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October  2004

Machinations

Don't Automate Automatically
Take Time to Determine the Level that is Right for You
by Jolene Salgren

Many window and door companies come to a time when they have to entertain the idea of automation to achieve higher levels of efficiency and increase profits. During this phase, there are many suggestions and proposals offered by equipment suppliers. It can be easy to lose sight of the main goal in a whirlwind of professional advice. Some companies invest in automated equipment only to discover that the machines are too complicated to run, too expensive to maintain and take up too much floor space. Therefore, it is important to consider your operation carefully from different angles to determine the level of automation that is right for you.

Manual Labor
Scores of companies started with just a hammer, nails, staples, screws, tape or a caulk gun for assembling various window or door components. Some companies that currently have the opportunity to automate from this level, prefer the hands-on process that provides product flexibility in custom design and handcrafted marketability. Others simply do not have the capability or resources to automate their assembly process. 
Manual labor does have its positive aspects. There is little to no maintenance and it generally takes up less floor space than automation. Four people can work in the area one automated machine can consume. There are very few mechanical, electrical or wear parts to replace and no mechanical or electrical trouble-shooting required. Workforce can be redirected to other areas of manufacturing to meet production variation. 

However, manual labor can affect the bottom line drastically and restrict company growth. Companies that rely on manual labor tend to pay out more in hours, worker’s compensation, various benefits and incentives, taxes and accumulated material waste and product rejections.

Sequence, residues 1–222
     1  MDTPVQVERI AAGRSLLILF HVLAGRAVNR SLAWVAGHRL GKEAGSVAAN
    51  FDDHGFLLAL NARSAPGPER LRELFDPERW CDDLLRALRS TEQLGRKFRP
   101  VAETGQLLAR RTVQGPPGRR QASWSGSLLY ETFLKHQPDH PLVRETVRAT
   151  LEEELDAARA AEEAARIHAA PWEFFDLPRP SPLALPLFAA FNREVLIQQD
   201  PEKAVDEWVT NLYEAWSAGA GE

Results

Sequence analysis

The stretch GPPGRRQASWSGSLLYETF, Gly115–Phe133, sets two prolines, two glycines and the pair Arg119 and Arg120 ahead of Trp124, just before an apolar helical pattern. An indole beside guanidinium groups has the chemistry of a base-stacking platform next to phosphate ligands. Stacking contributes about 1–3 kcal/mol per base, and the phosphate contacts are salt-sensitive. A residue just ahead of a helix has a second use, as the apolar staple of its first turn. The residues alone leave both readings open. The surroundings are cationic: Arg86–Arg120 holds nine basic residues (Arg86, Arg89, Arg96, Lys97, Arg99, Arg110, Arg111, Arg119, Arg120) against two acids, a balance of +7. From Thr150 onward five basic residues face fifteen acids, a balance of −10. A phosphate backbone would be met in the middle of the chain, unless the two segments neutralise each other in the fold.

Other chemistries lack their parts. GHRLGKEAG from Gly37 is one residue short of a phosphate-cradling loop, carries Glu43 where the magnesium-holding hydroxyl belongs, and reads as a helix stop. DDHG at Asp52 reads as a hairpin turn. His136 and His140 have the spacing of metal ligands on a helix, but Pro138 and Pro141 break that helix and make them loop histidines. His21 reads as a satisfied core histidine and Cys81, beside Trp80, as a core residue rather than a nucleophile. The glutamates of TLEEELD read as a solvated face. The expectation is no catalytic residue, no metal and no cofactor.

Semi-Automated Equipment
This is the cost-effective answer for companies with lower production needs that desire to speed up the process. As a rule, semi-automated machines are favored because of their simplicity. This type of equipment is ideal for companies that wish to increase their profits by producing a quality product at a steady pace, while reducing rejections drastically, material waste and labor costs at the same time. 

Semi-automated systems generally depend on moderate operator input. A typical system assists the operator in applying the desired effect in a manner that strictly reduces errors yet relies heavily on the intention of the operator. Of course, the integration between man and machine surfaces new issues that manual labor does not encounter. 

Once a semi-automated machine is introduced into a company, a few changes must take place. The first area on which companies focus is staffing. They look to reduce or redirect manual labor in respect to the machine’s application. Capable operators must be trained and assigned to the new equipment. Processes prior to and immediately following the equipment may need attention to match the new production levels. Next, and often given less attention, is maintenance. New maintenance procedures need to be implemented or updated while 
most semi-automated equipment requires little attention.

Fully Automated Equipment
The major advantage of fully automated equipment is increased production and a higher level of consistent, high-quality product. Neither manual labor nor semi-automated machines can provide the same production level or quality as precision fully automated equipment. In most cases the production process requires little or no operator input. At most an individual must load the product and enter commands in the touch screen to activate the process. Human error is all but eradicated. Product rejection is limited.

People often argue that the initial investment and increased maintenance is too risky. However, the payback can easily outbalance the risk with the right equipment. And maintenance is a matter of planning. Do you have all the recommended spare parts stocked and ready to go in case of an emergency? Is your maintenance crew familiar with the various vendors, suppliers and distributors in your area? Do you have a purchasing program in place that will minimize downtime by ensuring a speedy order resulting in a quick delivery? Making the right decision regarding automation is imperative; it can mean the difference between an increase in profits or a waste of money and time. 

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